Municipal solid waste (MSW)- waste collected and treated by or for municipalities. It covers waste from households, including bulky waste, similar waste from commerce and trade, office buildings, institutions and small businesses, as well as yard and garden waste, street sweepings, the contents of litter containers, and market cleansing waste if managed as household waste. The definition excludes waste from municipal sewage networks and treatment, as well as waste from construction and demolition activities. This indicator is measured in thousand tonnes and kilograms per capita (OECD data).
Nitrogen oxides (NOx)- criteria air pollutant produced from burning fuels, including gasoline and coal; nitrogen oxides react with volatile organic compounds to form smog and are major components of acid rain (New Hampshire Environment)
Non-ferrous- containing no iron
OJT- on the job training.
Opacity- measure of the amount of light obscured by particulate pollution in a gas stream; used as an indicator of emissions of particulates and organic products of incomplete combustion.
Organic- in a chemical sense, any compound containing carbon.
Parameter- measurable condition of a process-pressure, level, flow, etc.
Particulate- criteria air pollutant that includes dust, soot, and other bits of solid material.
Pathogen- organism that is capable of causing an infectious disease; bacterial and viruses are examples.
Permit- document used to identify the regulatory requirements that must be met by a specific organization to be able to operate.
Pollutant- unwanted chemical or other material found in the air; capable of harming health, the environment, and property.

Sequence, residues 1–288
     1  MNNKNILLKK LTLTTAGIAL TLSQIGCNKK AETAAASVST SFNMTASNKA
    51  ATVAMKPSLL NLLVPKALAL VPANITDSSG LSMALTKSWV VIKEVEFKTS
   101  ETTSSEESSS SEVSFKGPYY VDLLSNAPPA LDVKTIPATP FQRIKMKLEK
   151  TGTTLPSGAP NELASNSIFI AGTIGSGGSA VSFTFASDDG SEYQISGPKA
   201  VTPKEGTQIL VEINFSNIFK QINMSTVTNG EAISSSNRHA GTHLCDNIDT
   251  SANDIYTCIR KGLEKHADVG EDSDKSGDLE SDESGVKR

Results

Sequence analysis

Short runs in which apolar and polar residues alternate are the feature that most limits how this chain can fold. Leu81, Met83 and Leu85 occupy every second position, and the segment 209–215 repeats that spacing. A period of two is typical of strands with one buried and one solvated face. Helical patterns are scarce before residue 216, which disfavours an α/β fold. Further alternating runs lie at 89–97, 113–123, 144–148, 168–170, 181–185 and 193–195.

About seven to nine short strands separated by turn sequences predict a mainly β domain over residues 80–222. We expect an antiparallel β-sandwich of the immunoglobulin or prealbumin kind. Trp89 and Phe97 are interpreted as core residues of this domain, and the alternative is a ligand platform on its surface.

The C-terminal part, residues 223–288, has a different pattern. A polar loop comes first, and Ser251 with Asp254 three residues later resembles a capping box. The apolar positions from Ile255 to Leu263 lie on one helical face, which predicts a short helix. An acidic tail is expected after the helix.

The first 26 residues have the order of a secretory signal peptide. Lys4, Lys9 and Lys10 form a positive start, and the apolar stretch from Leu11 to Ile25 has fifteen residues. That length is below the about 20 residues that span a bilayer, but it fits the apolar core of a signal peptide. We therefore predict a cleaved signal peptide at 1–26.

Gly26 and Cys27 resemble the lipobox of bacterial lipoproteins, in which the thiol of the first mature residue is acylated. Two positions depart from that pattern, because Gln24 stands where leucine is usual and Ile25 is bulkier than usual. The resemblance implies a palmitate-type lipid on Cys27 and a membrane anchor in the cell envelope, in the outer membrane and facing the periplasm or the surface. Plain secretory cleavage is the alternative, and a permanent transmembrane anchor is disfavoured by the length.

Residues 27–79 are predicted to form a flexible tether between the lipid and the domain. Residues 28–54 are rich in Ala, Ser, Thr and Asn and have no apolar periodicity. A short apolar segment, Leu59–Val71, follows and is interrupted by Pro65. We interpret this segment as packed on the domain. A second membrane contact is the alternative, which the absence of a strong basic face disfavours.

Proximate analysis- analysis of a substance by breaking it down into its combustion components: volatile matter, fixed carbon, ash, and moisture.
Pyrolysis- chemical decomposition of an organic material under conditions of high temperature and limited oxygen.
Refuse derived fuel (RDF)- fuel made from the processing of refuse.
Routine emissions- pollutants normally found in industrial processes.
State Implementation Plan (SIP)- discusses how each state will do its job under the Clean Air Act, includes regulations to be used to clean up areas that are/have been polluted.
Slag- fly ash that has solidified on the surfaces of a boiler.
Slagging- formation of solidified fly ash.
Slurry- hydrated reagent used to react with the undesirable gas component during its removal from the process gas stream.
Smog- mixture of pollutants, principally ground-level ozone, produced by chemical reaction in the air.
Smoke- particles suspended in gases after incomplete combustion of materials.
Soot- carbon dust formed by incomplete combustion.
Source– any place or object from which pollutants are released.
Spray absorber– Spray Dryer Absorbers facilitate the removal of acidic pollutants, heavy metals, and dust from flue- and off-gases at fossil-fueled power plants, gasification plants, waste incinerators and industrial installations.
Stack- a chimney, especially one on a factory.
Stoichiometric- condition in which the theoretical volume of air required for complete combustion is present.
Syngas- A fuel gas mixture consisting primarily of hydrogen, carbon monoxide, and very often some carbon dioxide.
TPC Training Systems- Partial contributer to this manual.
Theoretical air- amount of air required for complete combustion of any fuel.
Tipping fee- amount charged by the waste treatment facilities for processing the waste.
Tipping floor– receiving area where solid waste is deposited for treatment at the gasification plant.
Toxic metal– metal that poses a threat to human health.
Trace metal- metal present in small concentrations.
Ultimate analysis– analysis of a substance by breaking it down into its elemental components.
Upset- condition in which system parameters are not within normal limits.
Vapor-gaseous phase of substances that are liquid or solid at atmospheric temperature and pressure.
Volatile matter– fractional weight of the fuel that will burn as a gas.
Waste heat boiler- utilizing waste gases and recovering its energy in the form of steam. Steam generation is an ideal way to recover waste heat energy from these gases in a form most easily utilized.